Qualitative data was expressed as number (%) and analyzed using a chi-square test. Normally distributed continuous variables were expressed as the mean ± standard deviation while continuous variables with non-normal distribution were presented as the median (minimum–maximum). Normally distributed continuous variables were compared using a t test while non-normally distributed continuous variables were compared using the Mann-Whitney U test (for two variables) or the Kruskal-Wallis test (for more than two variables). Logistic regression analysis was used to test the association of different alleles and genotypes with CAP. This yielded odds ratio (OR) and 95% confidence interval (95% CI). If the odds ratio is > 1, this means positive association (the variable increases the risk of occurrence of an event). If the odds ratio < 1, this indicates a negative association (the variable decreases the risk of occurrence of an event). All statistical analyses were performed using IBM SPSS software version 23.0 (SPSS, Inc., Chicago, IL, USA). A p value < 0.05 was considered statistically significant.

Results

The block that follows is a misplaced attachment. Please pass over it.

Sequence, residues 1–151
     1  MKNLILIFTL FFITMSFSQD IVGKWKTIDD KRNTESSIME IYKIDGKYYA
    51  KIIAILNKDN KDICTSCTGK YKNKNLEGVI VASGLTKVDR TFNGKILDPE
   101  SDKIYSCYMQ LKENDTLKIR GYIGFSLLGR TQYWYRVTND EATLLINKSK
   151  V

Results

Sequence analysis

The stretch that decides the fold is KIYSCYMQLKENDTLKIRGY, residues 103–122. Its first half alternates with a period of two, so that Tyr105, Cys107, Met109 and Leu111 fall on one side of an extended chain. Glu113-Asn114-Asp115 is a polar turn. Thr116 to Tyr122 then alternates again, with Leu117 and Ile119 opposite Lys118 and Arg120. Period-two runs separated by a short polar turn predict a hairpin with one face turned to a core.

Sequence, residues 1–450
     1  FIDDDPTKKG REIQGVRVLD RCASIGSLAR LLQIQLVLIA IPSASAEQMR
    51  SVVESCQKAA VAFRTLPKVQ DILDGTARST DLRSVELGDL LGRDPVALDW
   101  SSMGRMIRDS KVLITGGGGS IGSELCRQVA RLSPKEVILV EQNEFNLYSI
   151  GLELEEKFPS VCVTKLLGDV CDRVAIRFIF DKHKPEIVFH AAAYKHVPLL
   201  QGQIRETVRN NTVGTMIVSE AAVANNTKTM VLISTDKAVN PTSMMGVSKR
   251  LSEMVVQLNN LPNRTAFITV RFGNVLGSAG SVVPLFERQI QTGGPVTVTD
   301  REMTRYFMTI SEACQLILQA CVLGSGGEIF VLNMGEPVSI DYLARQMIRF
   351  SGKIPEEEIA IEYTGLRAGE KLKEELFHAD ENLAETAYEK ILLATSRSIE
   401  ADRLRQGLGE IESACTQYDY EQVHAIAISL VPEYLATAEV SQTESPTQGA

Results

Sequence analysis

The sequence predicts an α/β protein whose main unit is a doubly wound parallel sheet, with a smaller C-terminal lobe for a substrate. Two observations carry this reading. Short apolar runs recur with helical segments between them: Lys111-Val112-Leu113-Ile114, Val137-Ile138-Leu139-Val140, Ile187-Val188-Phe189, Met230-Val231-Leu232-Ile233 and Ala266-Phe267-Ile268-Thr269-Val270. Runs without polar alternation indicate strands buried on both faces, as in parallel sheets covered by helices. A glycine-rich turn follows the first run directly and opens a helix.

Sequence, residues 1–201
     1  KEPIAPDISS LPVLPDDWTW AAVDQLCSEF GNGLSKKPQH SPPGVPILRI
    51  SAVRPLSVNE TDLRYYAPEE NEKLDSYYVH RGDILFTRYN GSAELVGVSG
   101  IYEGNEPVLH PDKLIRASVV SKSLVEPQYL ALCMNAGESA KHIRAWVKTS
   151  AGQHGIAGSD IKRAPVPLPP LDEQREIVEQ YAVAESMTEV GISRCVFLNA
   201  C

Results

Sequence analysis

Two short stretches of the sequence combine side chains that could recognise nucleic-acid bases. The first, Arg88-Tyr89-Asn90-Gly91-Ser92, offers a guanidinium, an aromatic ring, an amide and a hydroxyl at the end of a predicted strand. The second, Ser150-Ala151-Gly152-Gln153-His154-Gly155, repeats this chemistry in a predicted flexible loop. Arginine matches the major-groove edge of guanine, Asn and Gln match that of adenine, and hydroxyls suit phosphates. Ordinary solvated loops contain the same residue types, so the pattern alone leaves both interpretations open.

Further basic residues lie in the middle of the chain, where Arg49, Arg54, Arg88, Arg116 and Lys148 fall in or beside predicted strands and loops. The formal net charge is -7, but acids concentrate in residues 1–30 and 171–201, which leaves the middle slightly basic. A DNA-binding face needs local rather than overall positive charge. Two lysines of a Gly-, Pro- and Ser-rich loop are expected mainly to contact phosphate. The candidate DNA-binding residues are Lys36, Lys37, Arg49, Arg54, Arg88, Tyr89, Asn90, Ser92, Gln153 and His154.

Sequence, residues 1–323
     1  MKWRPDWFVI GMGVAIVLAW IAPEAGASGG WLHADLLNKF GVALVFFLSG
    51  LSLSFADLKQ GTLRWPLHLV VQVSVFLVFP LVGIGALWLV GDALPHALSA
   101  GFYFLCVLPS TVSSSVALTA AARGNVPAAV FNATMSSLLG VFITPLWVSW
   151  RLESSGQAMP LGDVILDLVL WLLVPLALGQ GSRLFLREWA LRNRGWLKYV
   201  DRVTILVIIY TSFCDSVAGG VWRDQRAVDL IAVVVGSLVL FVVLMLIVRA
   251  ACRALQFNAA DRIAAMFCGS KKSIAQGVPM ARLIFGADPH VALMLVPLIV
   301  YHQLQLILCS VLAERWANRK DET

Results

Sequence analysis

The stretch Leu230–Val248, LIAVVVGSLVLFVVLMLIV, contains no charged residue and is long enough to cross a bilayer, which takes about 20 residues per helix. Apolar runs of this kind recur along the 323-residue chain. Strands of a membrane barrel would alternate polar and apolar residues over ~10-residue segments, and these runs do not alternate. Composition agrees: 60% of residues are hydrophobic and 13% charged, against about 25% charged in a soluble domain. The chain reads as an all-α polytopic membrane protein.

Characteristics of the study population

Forty-five patients and 45 controls were enrolled. Their basic characteristics are shown in Table 1. 37.8% of patients had previous one or more episodes of pneumonia. Sixty percent had lobar consolidation; the remaining had patchy or interstitial infiltrate. The median PIROM, PRESS, and RISC scores were 0, 3, and 2 respectively. Only three children (6.6%) had severe pneumonia under the WHO classification. Of note, none of our patient cohort died.

Table 1 Demographic, clinical, and laboratory characteristics of patients

Allele and genotype distribution among patients and controls

The frequencies of different alleles and genotypes were compared among patients and controls under the recessive, dominant, and genotype models (Table 2).

Table 2 Distributions of the TNF-α genotypes and alleles among patients and controls

Under the genotype model, the AG genotype frequency was significantly lower among patients compared with control. The odds ratio was< 1 [OR and 95% CI = 0.13 (0.03–0.63); p = 0.012], implying that the association was negative, that is, AG genotype decreases the risk of acquiring CAP.

Under the dominant model, the frequency of the pooled genotypes AA+AG was significantly lower among patients compared with controls. The OR and 95% CI were 0.34 (0.12–0.99) and p = 0.048, implying that the presence of either AA or AG significantly reduced susceptibility to CAP.